The right computer is a key part of any tech diver’s equipment. And while most people starting their tech diving journey already have a dive computer, their requirements are likely to change once they start doing deeper, more-complex dives. Here’s our take on what to look for when choosing a computer for technical diving.
What makes it a computer for technical diving?
Manufacturers advertise plenty of recreational dive computers as tech computers. These models allow users to switch between multiple gases on a dive, program trimix gases and even back-up CCR diving. But what really makes a dive computer suitable for technical dives? As with most other technical diving equipment, it’s less about looks and more about substance.
Put simply, it’s what’s on the inside that counts. And in the case of tech diving computers, the key ingredient is the algorithm the machines base their predicted dive profiles on. Few recreational divers worry about how their computer determines how much no-stop time they have left. Often manufacturers simply set computers to be more-or-less conservative.
Technical divers, on the other hand, plan their dives meticulously. This includes predictions of how much gas they will need based on bottom time and required decompression stops. Tech divers usually plan on desktop software pre- dive, so using compatible algorithms in the planning stage and on the dive computer itself ensures that predictions match.
Currently, the most commonly used algorithms in both desktop and dive-computer software are Buhlmann ZHL16 with gradient factors (GF) and VPM. Tech divers and instructors use both successfully worldwide. Their source code is freely available to software developers. which makes their dive-profile results more predictable.
Leading tech dive computers offer divers a high degree of personalization. This starts with the ability to adjust the degree of conservatism applied to their dive via gradient factors (ZHL) and conservatism settings (VPM). In many cases, divers can adjust these on the dive, allowing adaptation to changing conditions while underwater.
A good tech computer will also allow its user to change the display and prioritize certain pieces of information over others. This allows the diver to see a lot of information at one time or reduce it to the bare minimum.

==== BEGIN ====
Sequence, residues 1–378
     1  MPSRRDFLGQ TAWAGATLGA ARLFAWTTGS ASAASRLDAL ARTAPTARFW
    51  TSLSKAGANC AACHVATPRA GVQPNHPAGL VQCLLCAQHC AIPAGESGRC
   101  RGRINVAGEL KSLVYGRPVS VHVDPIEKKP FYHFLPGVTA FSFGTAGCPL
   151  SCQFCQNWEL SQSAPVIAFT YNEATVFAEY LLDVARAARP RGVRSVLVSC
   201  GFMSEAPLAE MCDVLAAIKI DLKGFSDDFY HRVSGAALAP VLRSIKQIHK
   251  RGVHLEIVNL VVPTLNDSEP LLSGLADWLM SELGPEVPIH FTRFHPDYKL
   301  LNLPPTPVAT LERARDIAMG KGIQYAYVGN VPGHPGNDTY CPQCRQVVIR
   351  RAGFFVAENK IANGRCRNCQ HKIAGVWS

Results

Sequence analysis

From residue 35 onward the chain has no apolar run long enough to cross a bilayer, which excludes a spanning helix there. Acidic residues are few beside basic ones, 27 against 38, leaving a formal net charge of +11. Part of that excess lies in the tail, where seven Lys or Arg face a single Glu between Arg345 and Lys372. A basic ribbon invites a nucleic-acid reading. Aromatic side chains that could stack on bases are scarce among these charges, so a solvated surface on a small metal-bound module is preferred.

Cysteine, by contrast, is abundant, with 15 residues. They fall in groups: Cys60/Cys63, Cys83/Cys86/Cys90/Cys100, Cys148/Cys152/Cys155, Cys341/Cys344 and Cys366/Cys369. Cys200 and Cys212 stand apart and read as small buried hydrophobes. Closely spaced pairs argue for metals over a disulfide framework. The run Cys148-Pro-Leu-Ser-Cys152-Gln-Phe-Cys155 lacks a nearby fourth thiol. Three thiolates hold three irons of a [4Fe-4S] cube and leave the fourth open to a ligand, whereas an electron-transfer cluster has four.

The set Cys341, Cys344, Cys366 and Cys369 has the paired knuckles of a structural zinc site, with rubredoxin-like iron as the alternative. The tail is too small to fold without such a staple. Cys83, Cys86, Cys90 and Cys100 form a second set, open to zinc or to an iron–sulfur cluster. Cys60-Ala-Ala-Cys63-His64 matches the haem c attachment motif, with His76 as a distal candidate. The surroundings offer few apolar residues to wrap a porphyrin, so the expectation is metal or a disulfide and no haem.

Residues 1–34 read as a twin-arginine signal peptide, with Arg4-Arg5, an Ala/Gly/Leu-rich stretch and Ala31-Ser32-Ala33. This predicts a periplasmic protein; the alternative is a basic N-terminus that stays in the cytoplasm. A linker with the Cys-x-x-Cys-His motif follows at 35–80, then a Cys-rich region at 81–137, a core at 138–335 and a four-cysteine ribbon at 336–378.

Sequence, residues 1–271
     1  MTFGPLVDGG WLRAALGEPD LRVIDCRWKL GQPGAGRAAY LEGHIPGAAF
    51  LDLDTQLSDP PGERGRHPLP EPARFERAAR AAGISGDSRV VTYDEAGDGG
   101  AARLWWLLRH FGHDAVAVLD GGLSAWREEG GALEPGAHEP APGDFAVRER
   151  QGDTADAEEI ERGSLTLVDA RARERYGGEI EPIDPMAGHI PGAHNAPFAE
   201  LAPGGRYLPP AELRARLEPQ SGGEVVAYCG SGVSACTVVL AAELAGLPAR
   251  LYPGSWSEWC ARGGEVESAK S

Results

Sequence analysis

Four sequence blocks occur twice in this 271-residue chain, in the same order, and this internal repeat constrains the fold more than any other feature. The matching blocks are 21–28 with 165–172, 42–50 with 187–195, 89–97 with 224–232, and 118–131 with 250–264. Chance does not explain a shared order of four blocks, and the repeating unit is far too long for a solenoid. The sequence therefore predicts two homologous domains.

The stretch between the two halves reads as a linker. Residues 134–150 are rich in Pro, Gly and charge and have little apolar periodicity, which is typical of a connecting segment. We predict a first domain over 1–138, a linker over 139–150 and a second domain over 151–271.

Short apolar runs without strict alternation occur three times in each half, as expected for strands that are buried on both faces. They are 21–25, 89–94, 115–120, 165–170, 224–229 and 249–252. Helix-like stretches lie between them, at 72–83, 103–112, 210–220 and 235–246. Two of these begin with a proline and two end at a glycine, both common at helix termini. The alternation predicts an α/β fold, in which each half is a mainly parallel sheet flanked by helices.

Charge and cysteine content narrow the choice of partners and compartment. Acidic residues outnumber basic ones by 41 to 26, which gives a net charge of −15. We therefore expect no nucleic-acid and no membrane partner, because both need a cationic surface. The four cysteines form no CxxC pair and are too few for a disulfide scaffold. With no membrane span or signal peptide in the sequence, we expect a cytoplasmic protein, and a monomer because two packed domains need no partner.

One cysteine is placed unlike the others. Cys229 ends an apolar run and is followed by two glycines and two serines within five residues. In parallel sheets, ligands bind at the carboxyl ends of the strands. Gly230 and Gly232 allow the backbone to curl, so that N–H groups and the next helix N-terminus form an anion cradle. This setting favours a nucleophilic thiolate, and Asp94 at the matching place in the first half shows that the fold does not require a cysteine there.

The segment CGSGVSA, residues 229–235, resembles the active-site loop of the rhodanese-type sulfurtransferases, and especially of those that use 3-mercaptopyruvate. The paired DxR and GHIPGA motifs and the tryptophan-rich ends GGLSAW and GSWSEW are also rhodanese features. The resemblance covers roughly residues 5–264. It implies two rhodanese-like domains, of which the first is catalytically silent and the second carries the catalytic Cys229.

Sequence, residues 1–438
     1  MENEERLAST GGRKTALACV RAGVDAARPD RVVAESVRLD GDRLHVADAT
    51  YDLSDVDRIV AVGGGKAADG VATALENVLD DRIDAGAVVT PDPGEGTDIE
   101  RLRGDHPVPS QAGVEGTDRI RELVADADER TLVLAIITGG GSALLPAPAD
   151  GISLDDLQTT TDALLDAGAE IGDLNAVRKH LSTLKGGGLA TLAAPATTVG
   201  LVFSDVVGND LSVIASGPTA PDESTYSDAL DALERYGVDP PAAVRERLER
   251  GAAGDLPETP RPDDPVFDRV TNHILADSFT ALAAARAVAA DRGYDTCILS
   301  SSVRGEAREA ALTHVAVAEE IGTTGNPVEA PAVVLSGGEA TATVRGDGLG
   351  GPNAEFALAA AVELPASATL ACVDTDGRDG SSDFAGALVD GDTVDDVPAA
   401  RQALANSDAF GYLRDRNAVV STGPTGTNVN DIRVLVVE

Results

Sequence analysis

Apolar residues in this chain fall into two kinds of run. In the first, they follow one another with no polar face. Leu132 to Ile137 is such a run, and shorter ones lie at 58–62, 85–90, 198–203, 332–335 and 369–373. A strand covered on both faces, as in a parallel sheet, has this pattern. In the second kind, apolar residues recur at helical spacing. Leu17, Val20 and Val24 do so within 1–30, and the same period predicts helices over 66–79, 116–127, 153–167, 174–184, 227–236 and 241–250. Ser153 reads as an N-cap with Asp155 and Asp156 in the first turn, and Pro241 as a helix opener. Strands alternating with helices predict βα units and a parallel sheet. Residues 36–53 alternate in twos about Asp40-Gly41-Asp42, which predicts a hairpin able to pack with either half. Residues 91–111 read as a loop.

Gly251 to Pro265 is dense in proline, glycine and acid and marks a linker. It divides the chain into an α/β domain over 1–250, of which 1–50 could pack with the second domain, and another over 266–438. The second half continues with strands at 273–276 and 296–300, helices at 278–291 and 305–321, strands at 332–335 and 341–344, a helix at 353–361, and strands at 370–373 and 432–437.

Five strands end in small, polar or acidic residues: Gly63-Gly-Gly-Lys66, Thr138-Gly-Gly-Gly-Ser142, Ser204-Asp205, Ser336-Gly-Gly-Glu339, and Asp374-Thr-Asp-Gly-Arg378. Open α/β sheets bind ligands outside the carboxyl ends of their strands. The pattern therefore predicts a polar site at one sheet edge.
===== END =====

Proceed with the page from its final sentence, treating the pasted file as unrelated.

Technical dives often involve darker environments. In those circumstances, having a computer with a bright, clear display that you can read without a torch can make all the difference.
One obvious characteristic of any tech diving computer is the capability to program more than one gas per dive. Serious tech diving computers allow users to program five gases — some offer even more. They also have an easy protocol for switching from one to the other. While recreational divers generally only change the oxygen content of their gas on their computer, tech divers may also want to adjust the oxygen partial pressure they are exposed to on a dive.
A number of the leading brands also allow divers to program new gases while already on the dive. This can be useful when a team dives different gases and a diver must use a teammate’s tank in an emergency.
Accounting for diver error
We must also consider how a dive computer deals with diver error. While tech divers are highly skilled when it comes to buoyancy skills, for example, there may be circumstances when they miss a decompression stop or ascend shallower than their computer dictates. A serious tech diving computer will recalculate and offer an alternative decompression schedule. What would be downright dangerous is a computer that locks you out while still underwater.
Practically speaking, it’s worth considering what happens if you have a problem with your computer. Research the manufacturer’s after-sales service policy. A quick Google search will soon show whether the company is easy to deal with or hard to reach.
If you live or dive remotely, consider which batteries your computer uses and whether you can change them. One of the leading brands runs on AA batteries, making life very simple for divers since these batteries are available pretty much anywhere in the world.
Backing up your computer
Now that you’ve found your perfect tech diving computer, it’s time to consider what you’ll use for a backup — ideally another computer of the same kind. Advantages of this setup include familiarity with the menu and the computer’s settings and diving off similar profiles. However, if — like many new technical divers — you need to build up your equipment gradually and buy new gear in stages, your recreational computer in gauge mode or even a combined depth gauge and timer would work as a back-up initially. In this case, be sure to carry a copy of your dive plan on a slate or a wet notebook.
As with most major dive-gear purchases, it pays to do your research before shopping. If you’re not a qualified tech diver yet ask your instructor what they recommend and why. Think about where you want your diving to take you and make sure you choose a dive computer that can follow you there.